BOSTON - Boston Red Sox legend Johnny Pesky died today at age 92.
Pesky was a player, manager, coach, scout and broadcaster for the Red Sox during his six decades with the team.
He was a teammate of Hall of Famers Ted Williams and Bobby Doerr and a mentor to generations of Red Sox who followed, including stars Jim Rice and Nomar Garciaparra.
He may well have become a Hall of Famer himself, but missed three years of playing time while serving in the military during World War II. He later played for the Sox from 1946-52.
As an infielder he had a had a career .307 lifetime batting average.
His number 6 has been retired by the Red Sox.
On April 20 of this year, Boston Red Sox fans celebrated the 100th birthday of Fenway Park, and Pesky was a participant. He was wheeled out to second base in a wheelchair, aside Doerr, to join over 200 past Red Sox players and coaches through the decades.
Pesky gained a measure of infamy in the 1946 World Series when it was said he “held the ball” as Enos Slaughter dashed around the bases, scoring from first with the deciding run in Game 7 against the St. Louis Cardinals. Many baseball historians agree that it was a bad rap against Pesky and more a case of Slaughter’s aggressiveness and bad outfield play on the part of the Sox that made the difference.
Born John Michael Paveskovich on Sept. 27, 1919 he was nicknamed "The Needle."
He was a shortstop and third baseman during a ten-year Major League playing career, appearing in 1,270 games played in 1942 and from 1946-1954 for three different teams. He missed the 1943–1945 seasons while serving in World War II.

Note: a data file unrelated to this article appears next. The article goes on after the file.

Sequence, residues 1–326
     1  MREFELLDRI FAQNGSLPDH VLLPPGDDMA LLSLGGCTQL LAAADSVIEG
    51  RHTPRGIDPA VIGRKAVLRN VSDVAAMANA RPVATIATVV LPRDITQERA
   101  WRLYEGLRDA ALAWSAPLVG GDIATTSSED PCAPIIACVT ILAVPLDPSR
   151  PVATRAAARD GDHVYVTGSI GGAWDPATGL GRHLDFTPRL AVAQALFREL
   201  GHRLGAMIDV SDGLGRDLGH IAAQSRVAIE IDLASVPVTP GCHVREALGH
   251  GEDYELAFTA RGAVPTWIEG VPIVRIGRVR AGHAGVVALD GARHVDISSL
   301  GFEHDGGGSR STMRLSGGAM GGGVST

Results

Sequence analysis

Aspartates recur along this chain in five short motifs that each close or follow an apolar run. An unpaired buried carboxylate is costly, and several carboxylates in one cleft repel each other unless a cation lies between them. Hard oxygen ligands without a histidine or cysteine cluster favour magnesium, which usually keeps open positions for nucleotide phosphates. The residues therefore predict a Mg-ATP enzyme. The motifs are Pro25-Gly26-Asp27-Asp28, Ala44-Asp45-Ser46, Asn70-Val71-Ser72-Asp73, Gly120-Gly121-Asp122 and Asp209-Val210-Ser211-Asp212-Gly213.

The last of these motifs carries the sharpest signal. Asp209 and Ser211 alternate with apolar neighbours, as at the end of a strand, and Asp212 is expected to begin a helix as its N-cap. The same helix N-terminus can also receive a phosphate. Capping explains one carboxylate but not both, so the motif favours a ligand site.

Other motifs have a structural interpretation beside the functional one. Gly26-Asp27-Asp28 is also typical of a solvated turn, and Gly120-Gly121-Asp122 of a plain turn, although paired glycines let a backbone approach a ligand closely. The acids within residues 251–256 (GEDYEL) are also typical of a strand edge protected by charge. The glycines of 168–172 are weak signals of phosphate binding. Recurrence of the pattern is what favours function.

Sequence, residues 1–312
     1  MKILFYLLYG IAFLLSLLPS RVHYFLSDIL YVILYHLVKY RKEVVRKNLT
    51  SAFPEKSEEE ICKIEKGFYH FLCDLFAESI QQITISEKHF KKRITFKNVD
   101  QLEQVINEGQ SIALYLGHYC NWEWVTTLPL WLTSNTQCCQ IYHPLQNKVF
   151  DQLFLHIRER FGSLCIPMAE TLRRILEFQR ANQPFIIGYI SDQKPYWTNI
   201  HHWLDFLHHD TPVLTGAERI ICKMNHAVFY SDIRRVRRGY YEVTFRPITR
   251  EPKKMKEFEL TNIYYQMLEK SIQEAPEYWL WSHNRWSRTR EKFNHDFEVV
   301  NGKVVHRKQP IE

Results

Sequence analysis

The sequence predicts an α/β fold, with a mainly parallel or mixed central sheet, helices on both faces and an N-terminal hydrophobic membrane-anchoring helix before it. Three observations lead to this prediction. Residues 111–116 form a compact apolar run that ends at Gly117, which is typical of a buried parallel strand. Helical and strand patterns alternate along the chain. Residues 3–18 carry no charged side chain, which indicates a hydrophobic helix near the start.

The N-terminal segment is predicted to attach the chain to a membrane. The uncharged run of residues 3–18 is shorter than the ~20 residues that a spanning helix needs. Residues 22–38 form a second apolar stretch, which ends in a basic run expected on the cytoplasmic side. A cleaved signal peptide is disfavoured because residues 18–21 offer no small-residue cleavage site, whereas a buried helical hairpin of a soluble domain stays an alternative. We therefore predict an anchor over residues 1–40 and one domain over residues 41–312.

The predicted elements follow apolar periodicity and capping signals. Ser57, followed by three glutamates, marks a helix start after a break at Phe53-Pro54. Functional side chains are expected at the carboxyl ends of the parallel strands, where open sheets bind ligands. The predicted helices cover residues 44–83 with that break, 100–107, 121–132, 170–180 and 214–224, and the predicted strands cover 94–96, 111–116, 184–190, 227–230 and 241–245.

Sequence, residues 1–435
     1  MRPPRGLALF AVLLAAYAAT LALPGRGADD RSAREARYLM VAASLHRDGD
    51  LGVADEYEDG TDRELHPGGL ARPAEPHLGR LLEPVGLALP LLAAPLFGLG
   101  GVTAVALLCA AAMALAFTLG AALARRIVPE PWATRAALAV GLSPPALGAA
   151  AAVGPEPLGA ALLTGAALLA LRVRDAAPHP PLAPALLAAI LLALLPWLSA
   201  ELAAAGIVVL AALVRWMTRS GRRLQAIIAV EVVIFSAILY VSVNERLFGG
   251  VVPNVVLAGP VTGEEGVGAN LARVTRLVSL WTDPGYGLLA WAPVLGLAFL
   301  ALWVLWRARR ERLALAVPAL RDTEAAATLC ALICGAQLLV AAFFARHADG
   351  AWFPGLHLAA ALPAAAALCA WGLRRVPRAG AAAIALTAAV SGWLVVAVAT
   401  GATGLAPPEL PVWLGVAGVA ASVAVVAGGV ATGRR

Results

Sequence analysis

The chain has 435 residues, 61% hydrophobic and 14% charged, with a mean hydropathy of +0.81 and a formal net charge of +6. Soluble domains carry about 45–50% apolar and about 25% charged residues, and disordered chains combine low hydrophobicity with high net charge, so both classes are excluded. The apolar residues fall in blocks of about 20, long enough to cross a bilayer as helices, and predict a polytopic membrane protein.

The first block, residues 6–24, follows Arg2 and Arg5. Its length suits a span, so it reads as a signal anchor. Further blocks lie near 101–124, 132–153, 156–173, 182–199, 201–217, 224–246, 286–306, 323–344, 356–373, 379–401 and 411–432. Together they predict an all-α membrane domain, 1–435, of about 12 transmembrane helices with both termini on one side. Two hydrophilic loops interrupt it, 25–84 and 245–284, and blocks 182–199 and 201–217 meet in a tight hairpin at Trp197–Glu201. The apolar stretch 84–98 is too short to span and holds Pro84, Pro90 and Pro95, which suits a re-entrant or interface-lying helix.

Pesky has been associated with the Boston Red Sox for 61 of his 73 years in baseball.
A left-handed hitter who threw right-handed, Pesky was a tough man for pitchers to strike out. He was the first AL player to score 6 runs in a 9 inning game. As a hitter, he specialized in getting on base, leading the American League in base hits three times - his first three seasons in the majors, in which he collected over 200 hits each year — and was among the top ten in on base percentage six times while batting .307 in 4,745 at bats as a Major Leaguer. He was also an excellent bunter who led the league in sacrifice hits in 1942.
As a teammate of Williams, Doerr and Dom DiMaggio, their friendship was chronicled in David Halberstam's book The Teammates.
The right field foul pole at Fenway Park, just 302 feet from home plate, is named the Pesky Pole in his honor even though Pesky hit just 17 homers in his career, six at Fenway Park.
Former teammate and Sox broadcaster Mel Parnell named the pole after Pesky. The story goes that Pesky won a game for Parnell in 1948 with a home run down the short right field line, just around the pole. Being that Pesky was a contact hitter who hit only 17 home runs—six of them at Fenway Park—in 4,745 at bats in the major leagues, it's quite possible that the home runs he hit there landed in close proximity to the pole. Research, however, shows that Pesky hit just one home run in a game pitched by Parnell, a two-run shot in the first inning of a game against Detroit played on June 11, 1950. The game was eventually won by the visiting Tigers in the 14th inning on a three-run shot by Tigers right fielder Vic Wertz and Parnell earned a no-decision that day.